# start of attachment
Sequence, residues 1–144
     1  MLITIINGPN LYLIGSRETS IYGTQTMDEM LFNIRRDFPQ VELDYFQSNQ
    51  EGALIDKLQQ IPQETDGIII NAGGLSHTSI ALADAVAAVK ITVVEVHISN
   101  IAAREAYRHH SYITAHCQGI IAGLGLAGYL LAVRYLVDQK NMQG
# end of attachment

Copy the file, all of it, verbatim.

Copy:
Sequence, residues 1–144
     1  MLITIINGPN LYLIGSRETS IYGTQTMDEM LFNIRRDFPQ VELDYFQSNQ
    51  EGALIDKLQQ IPQETDGIII NAGGLSHTSI ALADAVAAVK ITVVEVHISN
   101  IAAREAYRHH SYITAHCQGI IAGLGLAGYL LAVRYLVDQK NMQG